The Congress (I) Party, led by Sonia Gandhi (widow of the late Prime Minister Rajiv Gandhi), holds the second-largest number of seats in the Lok Sabha. Priding itself as a secular, centrist party, the Congress has been the historically dominant political party in India. Its performance in national elections has steadily declined during the last decade. The Congress still rules in the states of Madhya Pradesh, Rajasthan, Maharashtra (in coalition with the National Congress Party), Karnataka, and three of the smaller states in the northeast. The political fortunes of the Congress have suffered badly as major groups in its traditional vote bank have been lost to emerging regional and caste-based parties, such as the Bahujan Samaj Party and the Samajwadi Party.

The Janata Dal (United) Party claims to be a national party but currently holds significant strength only in Karnataka and Bihar. It advocates a secular and socialist ideology and draws much of its popular support from Muslims, lower castes, and tribals.

Country name:
conventional long form: Republic of India
conventional short form: India

Data code: IN

Government type: federal republic

Capital: New Delhi

Administrative divisions: 25 states and 7 union territories*; Andaman and Nicobar Islands*, Andhra Pradesh, Arunachal Pradesh, Assam, Bihar, Chandigarh*, Dadra and Nagar Haveli*, Daman and Diu*, Delhi*, Goa, Gujarat, Haryana, Himachal Pradesh, Jammu and Kashmir, Karnataka, Kerala, Lakshadweep*, Madhya Pradesh, Maharashtra, Manipur, Meghalaya, Mizoram, Nagaland, Orissa, Pondicherry*, Punjab, Rajasthan, Sikkim, Tamil Nadu, Tripura, Uttar Pradesh, West Bengal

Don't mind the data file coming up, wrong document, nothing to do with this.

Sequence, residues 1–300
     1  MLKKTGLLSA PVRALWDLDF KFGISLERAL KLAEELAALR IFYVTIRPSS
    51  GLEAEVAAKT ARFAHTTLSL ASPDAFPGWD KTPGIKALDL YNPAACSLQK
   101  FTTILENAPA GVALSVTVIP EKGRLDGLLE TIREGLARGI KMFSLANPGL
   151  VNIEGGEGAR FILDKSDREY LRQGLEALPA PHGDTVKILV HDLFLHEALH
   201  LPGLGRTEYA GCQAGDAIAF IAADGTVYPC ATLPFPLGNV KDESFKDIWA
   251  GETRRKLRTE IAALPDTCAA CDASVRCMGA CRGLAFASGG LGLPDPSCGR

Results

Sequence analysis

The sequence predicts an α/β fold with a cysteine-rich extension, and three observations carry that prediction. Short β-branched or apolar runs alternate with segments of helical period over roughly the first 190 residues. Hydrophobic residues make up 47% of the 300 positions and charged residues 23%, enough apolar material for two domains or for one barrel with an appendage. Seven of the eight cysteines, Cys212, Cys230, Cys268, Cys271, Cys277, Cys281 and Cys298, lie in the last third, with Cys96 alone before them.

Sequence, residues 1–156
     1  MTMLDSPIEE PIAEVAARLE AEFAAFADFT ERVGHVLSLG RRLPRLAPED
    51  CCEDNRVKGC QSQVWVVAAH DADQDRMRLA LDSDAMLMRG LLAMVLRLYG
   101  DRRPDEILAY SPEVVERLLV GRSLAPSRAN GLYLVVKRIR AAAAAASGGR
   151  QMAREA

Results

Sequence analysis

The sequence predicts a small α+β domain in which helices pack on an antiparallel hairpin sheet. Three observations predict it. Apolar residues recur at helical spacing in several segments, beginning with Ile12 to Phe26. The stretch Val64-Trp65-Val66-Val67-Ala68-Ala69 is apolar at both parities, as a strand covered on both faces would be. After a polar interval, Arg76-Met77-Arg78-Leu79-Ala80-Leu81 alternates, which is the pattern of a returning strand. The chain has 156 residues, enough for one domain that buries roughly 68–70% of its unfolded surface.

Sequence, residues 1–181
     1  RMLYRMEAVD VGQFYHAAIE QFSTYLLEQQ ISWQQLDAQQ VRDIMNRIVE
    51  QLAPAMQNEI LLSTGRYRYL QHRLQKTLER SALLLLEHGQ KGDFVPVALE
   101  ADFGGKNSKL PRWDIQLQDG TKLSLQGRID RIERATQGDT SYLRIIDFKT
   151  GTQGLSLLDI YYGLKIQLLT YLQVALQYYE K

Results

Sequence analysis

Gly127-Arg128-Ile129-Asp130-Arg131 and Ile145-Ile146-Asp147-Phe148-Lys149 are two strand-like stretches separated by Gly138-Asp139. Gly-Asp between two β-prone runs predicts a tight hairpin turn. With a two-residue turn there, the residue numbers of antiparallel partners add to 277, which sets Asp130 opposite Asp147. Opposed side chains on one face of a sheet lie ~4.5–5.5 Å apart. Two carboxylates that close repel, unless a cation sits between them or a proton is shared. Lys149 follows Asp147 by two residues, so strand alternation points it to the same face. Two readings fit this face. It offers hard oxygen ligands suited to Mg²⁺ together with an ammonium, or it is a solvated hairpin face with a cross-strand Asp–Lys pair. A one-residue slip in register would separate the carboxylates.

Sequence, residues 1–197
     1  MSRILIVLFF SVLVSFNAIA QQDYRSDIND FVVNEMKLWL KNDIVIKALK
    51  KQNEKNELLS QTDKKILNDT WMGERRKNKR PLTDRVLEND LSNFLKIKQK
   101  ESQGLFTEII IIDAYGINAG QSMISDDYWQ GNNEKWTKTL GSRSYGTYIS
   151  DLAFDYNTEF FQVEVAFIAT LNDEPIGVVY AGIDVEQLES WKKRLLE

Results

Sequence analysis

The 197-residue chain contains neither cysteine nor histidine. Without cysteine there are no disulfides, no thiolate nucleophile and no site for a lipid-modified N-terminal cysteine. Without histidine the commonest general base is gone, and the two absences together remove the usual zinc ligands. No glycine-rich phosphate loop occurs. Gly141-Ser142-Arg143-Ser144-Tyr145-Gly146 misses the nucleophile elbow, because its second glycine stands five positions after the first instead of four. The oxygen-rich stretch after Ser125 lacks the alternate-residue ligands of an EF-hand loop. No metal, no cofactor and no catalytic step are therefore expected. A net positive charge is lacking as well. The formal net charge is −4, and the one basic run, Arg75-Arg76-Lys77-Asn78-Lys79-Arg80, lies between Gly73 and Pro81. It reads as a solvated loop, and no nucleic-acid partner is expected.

Independence: 15 August 1947 (from UK)

National holiday: Anniversary of the Proclamation of the Republic, 26 January (1950)

Constitution: 26 January 1950

Legal system: based on English common law; limited judicial review of legislative acts; accepts compulsory ICJ jurisdiction, with reservations

Suffrage: 18 years of age; universal

Executive branch:
chief of state: President Kicheril Raman Narayanan (since 25 July 1997); Vice President Krishnan Kant (since 21 August 1997)
head of government: Prime Minister Atal Behari Vajpayee (since 19 March 1998)
cabinet: Council of Ministers appointed by the president on the recommendation of the prime minister